Author Topic: Everyday: How to behave with canes, walkers and wheelchairs  (Read 5625 times)

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sparksals

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Re: Everyday: How to behave with canes, walkers and wheelchairs
« Reply #15 on: September 20, 2009, 11:44:49 PM »
I'm not touchy and it's quite rude for you to imply I am for how I interpreted your post.  You could have simply stated that is not what you meant instead of name calling. 

No, I'm not a man. Perhaps b/c I'm not a big, burly man, people felt they could huff and puff at my slowness etc. 

VorFemme

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Re: Everyday: How to behave with canes, walkers and wheelchairs
« Reply #16 on: September 21, 2009, 12:12:35 AM »
Idjits will be idjits............just some people have the personality to deal with them and some people are intimidating enough in appearance that the idjits keep their mouths shut.  It can be harder to spot an idjit if they don't say anything idiotic.  Not impossible - they still do things - but harder............
Let sleeping dragons be.......morning breath......need I say more?

magician5

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Re: Everyday: How to behave with canes, walkers and wheelchairs
« Reply #17 on: September 21, 2009, 03:39:43 AM »
I'm not touchy and it's quite rude for you to imply I am for how I interpreted your post.  You could have simply stated that is not what you meant instead of name calling.

If I have given offense, I apologize.

My comment was an attempt to demonstrate agreement with you. Describing how my set of experiences differs from your is in no way 'implying that you're not telling the truth.' I'm not quite sure how it can have been construed in that way, but I do apologize.
« Last Edit: September 21, 2009, 03:49:44 AM by magician5 »
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JadeAngel

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Re: Everyday: How to behave with canes, walkers and wheelchairs
« Reply #18 on: September 21, 2009, 06:16:59 AM »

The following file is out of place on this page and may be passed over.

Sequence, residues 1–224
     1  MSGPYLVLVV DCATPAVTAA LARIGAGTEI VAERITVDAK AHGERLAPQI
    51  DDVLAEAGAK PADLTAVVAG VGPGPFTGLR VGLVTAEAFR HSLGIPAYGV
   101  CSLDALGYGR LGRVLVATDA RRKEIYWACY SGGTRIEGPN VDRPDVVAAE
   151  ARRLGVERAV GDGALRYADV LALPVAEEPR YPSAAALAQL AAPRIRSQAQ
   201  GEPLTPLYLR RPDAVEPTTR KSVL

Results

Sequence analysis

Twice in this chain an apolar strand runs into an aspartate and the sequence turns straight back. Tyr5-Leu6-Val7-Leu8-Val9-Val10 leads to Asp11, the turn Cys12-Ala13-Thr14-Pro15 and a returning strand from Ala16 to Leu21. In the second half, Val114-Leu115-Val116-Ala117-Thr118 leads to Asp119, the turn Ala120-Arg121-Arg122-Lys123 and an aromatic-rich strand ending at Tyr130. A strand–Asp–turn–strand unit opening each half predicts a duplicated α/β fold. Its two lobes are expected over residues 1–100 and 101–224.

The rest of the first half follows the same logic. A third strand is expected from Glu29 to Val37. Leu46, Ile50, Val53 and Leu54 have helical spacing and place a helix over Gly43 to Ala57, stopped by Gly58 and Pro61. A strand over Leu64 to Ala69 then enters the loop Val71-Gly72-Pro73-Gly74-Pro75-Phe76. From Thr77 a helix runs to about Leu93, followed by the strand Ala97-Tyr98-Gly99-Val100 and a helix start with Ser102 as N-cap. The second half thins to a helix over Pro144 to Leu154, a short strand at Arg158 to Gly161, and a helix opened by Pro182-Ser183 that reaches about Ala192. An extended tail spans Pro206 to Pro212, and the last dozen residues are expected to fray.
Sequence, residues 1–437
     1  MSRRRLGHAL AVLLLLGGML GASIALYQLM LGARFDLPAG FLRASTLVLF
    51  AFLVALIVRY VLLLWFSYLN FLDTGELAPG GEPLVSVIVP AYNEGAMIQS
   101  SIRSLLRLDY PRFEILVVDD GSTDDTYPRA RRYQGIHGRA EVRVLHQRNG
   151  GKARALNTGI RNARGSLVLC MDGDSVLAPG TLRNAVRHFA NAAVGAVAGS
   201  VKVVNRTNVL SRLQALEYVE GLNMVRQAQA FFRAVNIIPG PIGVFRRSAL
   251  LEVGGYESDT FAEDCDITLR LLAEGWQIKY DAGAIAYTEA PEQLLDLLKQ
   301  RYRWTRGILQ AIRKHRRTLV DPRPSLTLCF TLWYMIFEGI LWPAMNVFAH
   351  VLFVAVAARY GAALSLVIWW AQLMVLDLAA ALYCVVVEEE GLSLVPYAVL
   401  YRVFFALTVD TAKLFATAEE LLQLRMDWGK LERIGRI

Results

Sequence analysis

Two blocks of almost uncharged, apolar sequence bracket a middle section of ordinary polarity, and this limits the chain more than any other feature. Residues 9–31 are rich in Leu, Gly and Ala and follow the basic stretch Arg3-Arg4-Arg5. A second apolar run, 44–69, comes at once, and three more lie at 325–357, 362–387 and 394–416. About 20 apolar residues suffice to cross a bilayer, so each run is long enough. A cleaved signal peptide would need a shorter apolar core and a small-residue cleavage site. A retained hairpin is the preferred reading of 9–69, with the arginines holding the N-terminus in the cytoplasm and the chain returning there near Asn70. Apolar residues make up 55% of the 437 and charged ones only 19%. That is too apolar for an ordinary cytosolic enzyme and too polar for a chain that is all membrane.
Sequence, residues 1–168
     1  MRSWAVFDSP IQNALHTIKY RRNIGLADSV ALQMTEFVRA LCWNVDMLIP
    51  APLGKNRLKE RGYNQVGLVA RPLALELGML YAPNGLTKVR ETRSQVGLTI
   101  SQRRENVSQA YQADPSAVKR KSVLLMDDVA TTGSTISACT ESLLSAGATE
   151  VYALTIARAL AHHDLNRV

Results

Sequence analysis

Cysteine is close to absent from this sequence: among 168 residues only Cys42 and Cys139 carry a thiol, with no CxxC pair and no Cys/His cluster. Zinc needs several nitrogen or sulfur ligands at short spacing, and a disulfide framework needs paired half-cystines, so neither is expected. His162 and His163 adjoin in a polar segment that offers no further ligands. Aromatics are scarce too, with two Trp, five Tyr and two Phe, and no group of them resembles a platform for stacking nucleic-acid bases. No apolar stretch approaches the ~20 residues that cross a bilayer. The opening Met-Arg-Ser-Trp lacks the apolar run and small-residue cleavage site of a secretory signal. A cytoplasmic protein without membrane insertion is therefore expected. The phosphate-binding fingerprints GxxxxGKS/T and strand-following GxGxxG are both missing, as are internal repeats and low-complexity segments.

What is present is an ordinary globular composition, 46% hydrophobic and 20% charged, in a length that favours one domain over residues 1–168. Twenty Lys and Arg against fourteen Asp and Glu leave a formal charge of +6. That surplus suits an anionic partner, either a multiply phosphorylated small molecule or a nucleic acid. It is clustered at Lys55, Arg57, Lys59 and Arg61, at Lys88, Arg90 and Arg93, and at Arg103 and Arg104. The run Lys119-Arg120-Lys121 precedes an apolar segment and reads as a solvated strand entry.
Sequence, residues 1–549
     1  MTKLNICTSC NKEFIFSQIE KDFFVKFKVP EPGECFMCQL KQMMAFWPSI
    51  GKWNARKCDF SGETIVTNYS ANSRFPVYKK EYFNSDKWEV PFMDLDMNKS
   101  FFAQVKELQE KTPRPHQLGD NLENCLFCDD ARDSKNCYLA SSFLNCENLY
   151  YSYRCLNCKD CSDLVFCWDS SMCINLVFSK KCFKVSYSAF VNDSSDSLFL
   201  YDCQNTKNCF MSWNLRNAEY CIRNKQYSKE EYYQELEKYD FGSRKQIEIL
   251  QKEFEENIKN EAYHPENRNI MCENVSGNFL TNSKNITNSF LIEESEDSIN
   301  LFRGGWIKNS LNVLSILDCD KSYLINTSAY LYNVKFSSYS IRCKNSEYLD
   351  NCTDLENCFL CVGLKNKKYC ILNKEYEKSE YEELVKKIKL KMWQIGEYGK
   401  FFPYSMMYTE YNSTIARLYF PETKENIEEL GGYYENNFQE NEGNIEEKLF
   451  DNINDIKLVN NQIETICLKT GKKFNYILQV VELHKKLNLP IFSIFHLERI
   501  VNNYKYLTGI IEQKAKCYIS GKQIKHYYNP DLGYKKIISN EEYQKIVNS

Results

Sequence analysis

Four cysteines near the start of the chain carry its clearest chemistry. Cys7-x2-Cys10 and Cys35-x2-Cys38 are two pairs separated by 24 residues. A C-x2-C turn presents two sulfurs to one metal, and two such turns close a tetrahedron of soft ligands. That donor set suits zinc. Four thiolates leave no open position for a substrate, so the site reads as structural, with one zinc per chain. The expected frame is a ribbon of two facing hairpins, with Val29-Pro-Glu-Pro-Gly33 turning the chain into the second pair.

Don't, as I saw one man doing last week, drive your motorized wheelchair down the left lane of a residential street with a small child sitting on your lap.

The poor little thing looked terrified and I don't blame her. It would only take one parent pulling out of the drop off area in front of the school on that street without looking and they both would have been toast.


Offer to hold doors, help with stairs, etc etc, but if the person says they're fine, take them at their word and move on.

Wordgeek

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Re: Everyday: How to behave with canes, walkers and wheelchairs
« Reply #19 on: September 21, 2009, 11:55:07 AM »
Sparksals, if you're unable to participate in the discussion courteously, then you need to remove yourself.  Take a Coke break.

Nothing in Magician5's post implied that you weren't telling the truth.  Different people have different experiences.  Please reread the forum rules about not taking offense where none was intended.

Edited because I can spell but not type.
« Last Edit: September 21, 2009, 12:16:20 PM by Wordgeek »

JonGirl

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Re: Everyday: How to behave with canes, walkers and wheelchairs
« Reply #20 on: September 22, 2009, 07:27:32 AM »
If I'm entering a building and someone in a wheelchair is exiting I usually let them out first.
Stewart/Colbert '16

paladin

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Re: Everyday: How to behave with canes, walkers and wheelchairs
« Reply #21 on: September 22, 2009, 09:32:55 PM »
Don't insist on helping someone with a wheelchair if they refuse it, and treat wheelchairs as an exension of the person using them (i.e. resist handling the wheelchair without permission).  BF told me a story once about how he saw a wheelchair user attempting to enter a building.  BF propped open the door, grabbed the wheelchair by the handles, and pushed it all the way up the wheelchair ramp and into the building.  Of course, the man in the wheelchair was upset and gave BF an earful.  I had to explain to BF that the poor guy most likely felt manhandled the experience.  It would have been better if BF waited until he was asked, or simply offered his assistance if the guy appeared to be struggling.

Also be aware that some people with disabilities with who appear to struggle with everyday tasks may in fact be trying to teach themselves how to perform these tasks with their disability and may feel coddled by the assistance of others.